The Fayette County Public Schools redistricting committee continued to change attendance boundaries Wednesday, including reassigning the Greenbrier neighborhood to a new elementary school east of Interstate 75 off Polo Club Boulevard.
While the committee has finished "locking in" its redrawing of attendance boundaries, committee chairman Alan Stein said after the meeting that "no one should go to bed thinking the process is over."
At 4:30 p.m. Thursday at Central Office, the committee will start to review more than 30 scenarios involving school feeder patterns; that is, how elementary schools feed into middle schools, and how middle schools feed into high schools. Tweaks could be made at that point. Within a few weeks, the committee will give its recommendations to the school board, and more changes could be in store.
Still, Markey Hutchinson, a resident of Greenbrier off Winchester Road, was excited that the committee decided Wednesday to send students in her neighborhood to the new elementary.
Never miss a local story.
"I have two children and would love to take advantage of the closer proximity and public school education," she said
At least nine students in Greenbrier attend public school. Thirty-two attend private school, and about 20 of those attend Lexington Christian Academy, district attendance analyst Bob Joice said.
Hutchinson's son is entering kindergarten in the fall. She was one of several residents who came to the meeting Wednesday wearing green badges with the word "Greenbrier" on them to let the committee know of their concerns, mostly that they wanted to go to the new school. Greenbrier is now assigned to Dixie Magnet Elementary. In January, the committee decided to reassign Greenbrier to the new elementary off Polo Club Boulevard. The committee recently moved the neighborhood back to Dixie at the request of the principal, who was concerned about socioeconomic balance. On Wednesday, the committee reversed that decision.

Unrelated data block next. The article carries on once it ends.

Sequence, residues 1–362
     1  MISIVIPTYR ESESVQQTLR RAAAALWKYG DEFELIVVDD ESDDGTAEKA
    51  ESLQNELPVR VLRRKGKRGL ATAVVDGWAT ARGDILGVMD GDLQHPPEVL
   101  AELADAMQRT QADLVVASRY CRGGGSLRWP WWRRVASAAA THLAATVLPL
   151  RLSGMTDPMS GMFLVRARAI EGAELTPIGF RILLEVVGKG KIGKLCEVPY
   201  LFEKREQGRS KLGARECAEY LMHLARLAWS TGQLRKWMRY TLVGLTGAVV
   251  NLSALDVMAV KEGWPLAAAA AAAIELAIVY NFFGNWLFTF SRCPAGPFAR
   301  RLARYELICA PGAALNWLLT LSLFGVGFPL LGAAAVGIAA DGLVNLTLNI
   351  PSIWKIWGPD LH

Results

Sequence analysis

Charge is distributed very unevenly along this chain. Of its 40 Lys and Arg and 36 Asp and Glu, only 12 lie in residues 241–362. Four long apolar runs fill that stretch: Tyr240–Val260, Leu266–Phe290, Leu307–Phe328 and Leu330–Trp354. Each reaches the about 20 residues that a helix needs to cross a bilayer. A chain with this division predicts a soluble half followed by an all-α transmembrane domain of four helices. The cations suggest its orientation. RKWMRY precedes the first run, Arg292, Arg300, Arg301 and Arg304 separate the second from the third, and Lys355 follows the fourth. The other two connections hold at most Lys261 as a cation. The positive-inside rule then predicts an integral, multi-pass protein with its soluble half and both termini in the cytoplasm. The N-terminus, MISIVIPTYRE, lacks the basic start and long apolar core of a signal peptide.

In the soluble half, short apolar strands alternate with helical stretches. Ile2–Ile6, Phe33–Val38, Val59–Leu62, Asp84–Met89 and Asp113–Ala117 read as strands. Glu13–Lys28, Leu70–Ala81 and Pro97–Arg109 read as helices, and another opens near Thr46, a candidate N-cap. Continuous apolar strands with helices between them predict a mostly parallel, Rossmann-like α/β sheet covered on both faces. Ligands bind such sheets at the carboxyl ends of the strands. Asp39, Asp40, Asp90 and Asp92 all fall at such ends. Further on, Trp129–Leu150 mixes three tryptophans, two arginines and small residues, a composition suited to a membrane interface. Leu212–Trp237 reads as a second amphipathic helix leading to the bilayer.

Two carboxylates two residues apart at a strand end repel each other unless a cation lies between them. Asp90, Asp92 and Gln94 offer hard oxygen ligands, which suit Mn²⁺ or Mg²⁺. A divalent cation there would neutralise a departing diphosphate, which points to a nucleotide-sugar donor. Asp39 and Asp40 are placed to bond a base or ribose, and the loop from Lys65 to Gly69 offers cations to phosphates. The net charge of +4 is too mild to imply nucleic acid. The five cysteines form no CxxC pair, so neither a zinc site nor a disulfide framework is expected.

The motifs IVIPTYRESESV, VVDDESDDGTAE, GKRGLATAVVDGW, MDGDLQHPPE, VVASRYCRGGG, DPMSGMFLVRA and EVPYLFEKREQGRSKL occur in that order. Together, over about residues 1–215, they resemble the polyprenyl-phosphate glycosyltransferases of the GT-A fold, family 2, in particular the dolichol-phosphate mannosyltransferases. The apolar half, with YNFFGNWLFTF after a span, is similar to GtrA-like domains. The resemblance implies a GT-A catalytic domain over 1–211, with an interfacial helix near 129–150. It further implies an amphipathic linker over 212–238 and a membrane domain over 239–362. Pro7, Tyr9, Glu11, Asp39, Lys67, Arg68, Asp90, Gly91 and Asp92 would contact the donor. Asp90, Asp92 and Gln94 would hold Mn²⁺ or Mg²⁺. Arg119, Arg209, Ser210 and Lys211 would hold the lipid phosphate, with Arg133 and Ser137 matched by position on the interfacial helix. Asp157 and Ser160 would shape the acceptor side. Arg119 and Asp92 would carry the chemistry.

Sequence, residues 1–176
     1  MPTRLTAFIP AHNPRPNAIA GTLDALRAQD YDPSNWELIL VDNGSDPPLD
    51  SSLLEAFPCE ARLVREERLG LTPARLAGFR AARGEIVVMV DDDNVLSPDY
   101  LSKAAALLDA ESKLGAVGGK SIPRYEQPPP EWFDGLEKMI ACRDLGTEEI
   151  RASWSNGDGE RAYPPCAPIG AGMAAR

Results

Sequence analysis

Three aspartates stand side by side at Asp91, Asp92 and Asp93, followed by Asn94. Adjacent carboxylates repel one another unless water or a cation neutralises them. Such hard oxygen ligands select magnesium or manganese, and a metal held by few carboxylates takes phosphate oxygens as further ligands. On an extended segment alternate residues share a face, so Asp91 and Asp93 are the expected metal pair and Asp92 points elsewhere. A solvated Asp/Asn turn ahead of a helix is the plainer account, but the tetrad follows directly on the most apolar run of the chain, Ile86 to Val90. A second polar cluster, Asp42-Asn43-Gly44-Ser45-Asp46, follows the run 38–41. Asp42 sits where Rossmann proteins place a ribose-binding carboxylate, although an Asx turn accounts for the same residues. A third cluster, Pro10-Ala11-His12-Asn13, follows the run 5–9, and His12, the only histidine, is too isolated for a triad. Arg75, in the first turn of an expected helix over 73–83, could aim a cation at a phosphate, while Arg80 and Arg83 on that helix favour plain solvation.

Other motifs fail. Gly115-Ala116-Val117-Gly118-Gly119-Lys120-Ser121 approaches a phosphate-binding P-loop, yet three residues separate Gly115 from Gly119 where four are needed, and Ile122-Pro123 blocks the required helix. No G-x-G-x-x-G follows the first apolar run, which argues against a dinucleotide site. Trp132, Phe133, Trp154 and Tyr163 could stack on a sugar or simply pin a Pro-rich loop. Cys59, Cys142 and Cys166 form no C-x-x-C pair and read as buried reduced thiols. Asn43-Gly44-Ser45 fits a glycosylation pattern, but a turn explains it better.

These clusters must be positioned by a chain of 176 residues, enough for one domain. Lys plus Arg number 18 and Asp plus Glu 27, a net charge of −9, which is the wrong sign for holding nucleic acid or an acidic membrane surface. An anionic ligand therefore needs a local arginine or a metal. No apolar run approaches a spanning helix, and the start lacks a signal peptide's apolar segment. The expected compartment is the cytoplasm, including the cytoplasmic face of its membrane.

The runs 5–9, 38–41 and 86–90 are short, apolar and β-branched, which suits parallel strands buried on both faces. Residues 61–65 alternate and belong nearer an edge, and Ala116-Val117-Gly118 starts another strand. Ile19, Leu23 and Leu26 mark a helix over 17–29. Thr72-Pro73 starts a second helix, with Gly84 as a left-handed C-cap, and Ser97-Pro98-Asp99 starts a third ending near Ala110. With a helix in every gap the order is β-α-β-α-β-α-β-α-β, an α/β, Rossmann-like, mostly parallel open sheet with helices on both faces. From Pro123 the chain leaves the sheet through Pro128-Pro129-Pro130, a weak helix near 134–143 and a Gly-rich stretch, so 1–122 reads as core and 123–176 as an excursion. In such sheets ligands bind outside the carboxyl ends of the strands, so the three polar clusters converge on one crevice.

The district is redrawing school boundaries in anticipation of the construction of a new high school set to open in 2017 and two new elementary schools set to open in 2016.
In other changes, a rural area with nine students in it who currently attend Rosa Parks Elementary and had been moved to James Lane Allen a few weeks ago was moved back to Rosa Parks on Wednesday.
The homes' proximity to Rosa Parks was a key reason, Stein said.
Reducing the number of children who attend Rosa Parks has been one of the committee's toughest challenges, because so many students live close to the school, he said.
In another move, some children at Booker T. Washington who live along Georgetown Street and who had been reassigned to Harrison Elementary under one proposal were kept at Booker T. Washington.
Some neighborhoods along Price Road were moved from Booker T. Washington to a new elementary on Georgetown Road. Committee member James Brown said he made that recommendation to help curb overcrowding at Booker T. Washington, so that class sizes might be smaller.
The moves will somewhat improve capacity and socioeconomic balance at Booker T. Washington, Stein said.